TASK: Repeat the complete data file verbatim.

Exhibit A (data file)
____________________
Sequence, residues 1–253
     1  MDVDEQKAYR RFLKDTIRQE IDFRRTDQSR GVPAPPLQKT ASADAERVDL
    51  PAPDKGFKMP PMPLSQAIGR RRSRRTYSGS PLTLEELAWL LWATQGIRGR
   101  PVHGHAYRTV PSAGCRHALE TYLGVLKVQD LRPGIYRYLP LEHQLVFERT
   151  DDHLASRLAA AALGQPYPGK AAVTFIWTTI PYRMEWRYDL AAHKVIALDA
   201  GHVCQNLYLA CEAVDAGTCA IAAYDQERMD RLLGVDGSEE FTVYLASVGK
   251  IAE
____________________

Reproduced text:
Sequence, residues 1–253
     1  MDVDEQKAYR RFLKDTIRQE IDFRRTDQSR GVPAPPLQKT ASADAERVDL
    51  PAPDKGFKMP PMPLSQAIGR RRSRRTYSGS PLTLEELAWL LWATQGIRGR
   101  PVHGHAYRTV PSAGCRHALE TYLGVLKVQD LRPGIYRYLP LEHQLVFERT
   151  DDHLASRLAA AALGQPYPGK AAVTFIWTTI PYRMEWRYDL AAHKVIALDA
   201  GHVCQNLYLA CEAVDAGTCA IAAYDQERMD RLLGVDGSEE FTVYLASVGK
   251  IAE